Cranial Maxillofac Trauma Reconstruction 2019; 12(02): 146-149
DOI: 10.1055/s-0038-1676078
Case Report
Thieme Medical Publishers 333 Seventh Avenue, New York, NY 10001, USA.

Beta-Catenin Mutation with Complex Chromosomal Changes in Desmoid Tumor of the Scalp: A Case Report

Gary Liu
1  Department of Plastic Surgery, Baylor College of Medicine, Houston, Texas
3  Medical Scientist Training Program, Baylor College of Medicine, Houston, Texas
,
Howard L. Weiner
2  Department of Neurosurgery, Baylor College of Medicine, Houston, Texas
,
William C. Pederson
1  Department of Plastic Surgery, Baylor College of Medicine, Houston, Texas
,
Lesley Davies
1  Department of Plastic Surgery, Baylor College of Medicine, Houston, Texas
,
Edward P. Buchanan
1  Department of Plastic Surgery, Baylor College of Medicine, Houston, Texas
› Author Affiliations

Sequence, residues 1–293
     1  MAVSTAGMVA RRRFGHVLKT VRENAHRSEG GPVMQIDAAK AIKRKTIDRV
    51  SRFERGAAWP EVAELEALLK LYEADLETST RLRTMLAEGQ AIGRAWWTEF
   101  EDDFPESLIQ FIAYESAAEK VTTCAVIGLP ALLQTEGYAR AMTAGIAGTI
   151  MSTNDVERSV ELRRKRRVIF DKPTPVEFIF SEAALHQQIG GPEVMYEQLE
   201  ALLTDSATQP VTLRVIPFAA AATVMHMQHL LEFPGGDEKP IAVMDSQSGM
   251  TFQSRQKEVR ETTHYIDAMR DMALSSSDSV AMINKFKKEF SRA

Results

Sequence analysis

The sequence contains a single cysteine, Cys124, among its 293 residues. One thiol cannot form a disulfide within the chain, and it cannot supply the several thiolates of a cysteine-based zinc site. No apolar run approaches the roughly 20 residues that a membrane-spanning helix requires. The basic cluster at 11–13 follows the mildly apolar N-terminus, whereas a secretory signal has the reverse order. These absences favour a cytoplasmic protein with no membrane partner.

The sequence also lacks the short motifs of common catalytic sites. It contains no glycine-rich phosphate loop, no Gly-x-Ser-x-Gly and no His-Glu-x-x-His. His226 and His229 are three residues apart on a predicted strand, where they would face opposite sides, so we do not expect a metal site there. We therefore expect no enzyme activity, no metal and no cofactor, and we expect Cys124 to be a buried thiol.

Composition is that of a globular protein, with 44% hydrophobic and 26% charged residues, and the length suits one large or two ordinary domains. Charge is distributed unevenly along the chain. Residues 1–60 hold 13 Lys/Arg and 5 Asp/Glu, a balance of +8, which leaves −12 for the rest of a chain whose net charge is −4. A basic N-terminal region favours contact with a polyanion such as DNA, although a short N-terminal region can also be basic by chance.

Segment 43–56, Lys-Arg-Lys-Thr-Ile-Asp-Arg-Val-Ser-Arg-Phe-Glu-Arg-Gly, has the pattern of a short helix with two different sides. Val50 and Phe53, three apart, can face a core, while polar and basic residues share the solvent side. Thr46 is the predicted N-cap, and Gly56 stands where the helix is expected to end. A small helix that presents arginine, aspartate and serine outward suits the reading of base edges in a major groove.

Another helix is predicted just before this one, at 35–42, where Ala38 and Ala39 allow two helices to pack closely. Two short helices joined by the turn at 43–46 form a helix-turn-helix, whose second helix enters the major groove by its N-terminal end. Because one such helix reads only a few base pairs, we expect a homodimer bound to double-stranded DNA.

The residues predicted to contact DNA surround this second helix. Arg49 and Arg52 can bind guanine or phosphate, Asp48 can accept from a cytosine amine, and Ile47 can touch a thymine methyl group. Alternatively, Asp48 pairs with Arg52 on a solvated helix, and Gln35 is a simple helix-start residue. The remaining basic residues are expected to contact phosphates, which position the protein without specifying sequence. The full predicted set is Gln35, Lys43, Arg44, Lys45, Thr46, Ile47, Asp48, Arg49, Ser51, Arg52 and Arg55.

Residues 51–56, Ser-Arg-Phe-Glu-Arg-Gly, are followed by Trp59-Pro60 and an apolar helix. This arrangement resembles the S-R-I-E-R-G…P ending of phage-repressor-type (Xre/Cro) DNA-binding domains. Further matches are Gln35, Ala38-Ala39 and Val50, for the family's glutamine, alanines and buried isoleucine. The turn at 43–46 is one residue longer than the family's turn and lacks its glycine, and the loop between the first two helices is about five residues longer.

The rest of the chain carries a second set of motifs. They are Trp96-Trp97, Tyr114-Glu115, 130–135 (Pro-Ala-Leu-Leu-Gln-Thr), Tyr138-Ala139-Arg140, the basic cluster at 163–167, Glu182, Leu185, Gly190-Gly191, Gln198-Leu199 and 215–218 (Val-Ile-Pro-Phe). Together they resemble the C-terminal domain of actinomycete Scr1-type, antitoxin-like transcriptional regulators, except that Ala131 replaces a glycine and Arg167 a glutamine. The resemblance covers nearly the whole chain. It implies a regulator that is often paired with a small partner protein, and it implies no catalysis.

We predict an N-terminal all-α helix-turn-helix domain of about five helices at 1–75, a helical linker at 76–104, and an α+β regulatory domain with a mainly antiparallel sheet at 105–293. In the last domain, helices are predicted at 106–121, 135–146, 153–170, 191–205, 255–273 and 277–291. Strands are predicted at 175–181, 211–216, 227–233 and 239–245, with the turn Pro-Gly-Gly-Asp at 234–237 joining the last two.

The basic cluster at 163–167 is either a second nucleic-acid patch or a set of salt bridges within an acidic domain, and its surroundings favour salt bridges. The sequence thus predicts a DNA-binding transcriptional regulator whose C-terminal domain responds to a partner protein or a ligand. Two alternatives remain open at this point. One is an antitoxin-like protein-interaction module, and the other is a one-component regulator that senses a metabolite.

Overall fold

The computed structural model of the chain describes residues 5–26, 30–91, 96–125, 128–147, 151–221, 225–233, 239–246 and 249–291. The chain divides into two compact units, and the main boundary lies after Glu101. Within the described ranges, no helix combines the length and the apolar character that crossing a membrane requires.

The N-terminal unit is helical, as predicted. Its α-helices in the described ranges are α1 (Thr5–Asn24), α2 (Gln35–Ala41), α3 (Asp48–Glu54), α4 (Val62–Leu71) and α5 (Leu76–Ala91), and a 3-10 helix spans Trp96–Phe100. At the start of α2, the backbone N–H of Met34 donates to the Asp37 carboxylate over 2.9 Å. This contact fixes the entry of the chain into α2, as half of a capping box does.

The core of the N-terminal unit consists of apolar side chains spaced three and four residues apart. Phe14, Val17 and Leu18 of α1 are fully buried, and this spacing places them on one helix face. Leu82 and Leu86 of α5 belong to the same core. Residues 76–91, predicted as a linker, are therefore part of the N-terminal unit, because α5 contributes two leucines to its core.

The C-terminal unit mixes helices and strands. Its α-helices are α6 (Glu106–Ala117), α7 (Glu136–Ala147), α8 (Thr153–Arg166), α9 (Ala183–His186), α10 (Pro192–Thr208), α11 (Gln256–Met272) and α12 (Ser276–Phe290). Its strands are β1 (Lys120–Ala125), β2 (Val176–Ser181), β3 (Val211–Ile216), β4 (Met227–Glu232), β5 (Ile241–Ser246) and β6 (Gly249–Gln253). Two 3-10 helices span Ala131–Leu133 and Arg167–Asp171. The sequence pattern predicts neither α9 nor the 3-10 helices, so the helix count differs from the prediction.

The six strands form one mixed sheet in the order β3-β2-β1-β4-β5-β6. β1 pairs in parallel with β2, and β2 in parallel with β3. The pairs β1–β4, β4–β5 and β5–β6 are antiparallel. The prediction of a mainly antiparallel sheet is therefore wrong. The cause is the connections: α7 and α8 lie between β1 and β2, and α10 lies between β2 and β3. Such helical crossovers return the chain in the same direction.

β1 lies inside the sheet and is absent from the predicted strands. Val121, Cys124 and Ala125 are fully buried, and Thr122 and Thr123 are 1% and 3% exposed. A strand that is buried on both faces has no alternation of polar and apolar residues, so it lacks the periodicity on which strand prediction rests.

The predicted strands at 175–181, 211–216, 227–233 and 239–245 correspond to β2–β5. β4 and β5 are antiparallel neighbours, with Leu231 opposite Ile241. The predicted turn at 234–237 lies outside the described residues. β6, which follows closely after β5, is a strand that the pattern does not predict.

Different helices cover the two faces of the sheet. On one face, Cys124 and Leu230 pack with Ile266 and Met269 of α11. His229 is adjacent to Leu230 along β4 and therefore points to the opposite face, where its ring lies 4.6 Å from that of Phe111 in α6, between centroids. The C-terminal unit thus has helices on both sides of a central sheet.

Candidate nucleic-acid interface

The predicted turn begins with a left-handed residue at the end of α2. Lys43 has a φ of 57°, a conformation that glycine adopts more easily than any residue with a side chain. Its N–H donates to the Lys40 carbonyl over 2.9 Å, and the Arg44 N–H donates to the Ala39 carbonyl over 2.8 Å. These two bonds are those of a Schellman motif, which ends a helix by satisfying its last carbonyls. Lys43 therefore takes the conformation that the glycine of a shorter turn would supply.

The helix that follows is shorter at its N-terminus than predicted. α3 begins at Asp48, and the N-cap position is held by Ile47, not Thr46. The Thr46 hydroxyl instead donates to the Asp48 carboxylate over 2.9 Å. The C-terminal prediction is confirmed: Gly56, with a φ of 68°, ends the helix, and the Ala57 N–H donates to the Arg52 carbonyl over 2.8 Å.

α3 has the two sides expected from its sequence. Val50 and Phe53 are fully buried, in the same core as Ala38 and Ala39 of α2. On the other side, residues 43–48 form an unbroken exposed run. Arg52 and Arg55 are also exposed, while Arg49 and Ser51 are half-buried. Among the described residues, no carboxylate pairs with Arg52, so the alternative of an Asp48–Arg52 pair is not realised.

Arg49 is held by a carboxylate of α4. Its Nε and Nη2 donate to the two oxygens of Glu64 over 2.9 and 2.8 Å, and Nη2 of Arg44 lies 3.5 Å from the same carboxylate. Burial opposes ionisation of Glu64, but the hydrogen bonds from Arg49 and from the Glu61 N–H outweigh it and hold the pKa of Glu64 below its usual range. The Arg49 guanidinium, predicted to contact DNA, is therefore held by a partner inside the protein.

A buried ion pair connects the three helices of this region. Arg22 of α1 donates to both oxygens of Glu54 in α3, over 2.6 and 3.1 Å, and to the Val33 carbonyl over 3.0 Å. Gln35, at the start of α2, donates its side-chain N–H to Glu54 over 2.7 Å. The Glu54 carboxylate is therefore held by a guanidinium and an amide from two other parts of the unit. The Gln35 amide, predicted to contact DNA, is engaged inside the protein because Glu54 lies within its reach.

Further Information

Publication History

14 August 2018

13 October 2018

Publication Date:
16 November 2018 (online)

Abstract

Gain-of-function mutations in the beta-catenin gene (CTNNB1) drive genomic instability within different cancers. However, it is unclear whether alterations in beta-catenin signaling can still lead to chromosomal rearrangements in neoplasms without metastatic potential. Here, we report a unique case, whereby a desmoid tumor of the scalp contains a missense mutation in CTNNB1. This mutation is located at the T41 phosphorylation site—previously reported to be necessary for proper beta-catenin degradation. Online database analysis then revealed that our mutation is likely causative of many different cancers and also absent in the healthy public. Karyotyping of the desmoid tumor cells then showed complex chromosomal changes in 16 out of 20 cells examined. To treat this patient, we surgically removed both the neoplasm and underlying calvarium and then successfully reconstructed the skull and scalp. Taken together, our data suggest that increased beta-catenin signaling can lead to genomic instability in the absence of metastatic potential.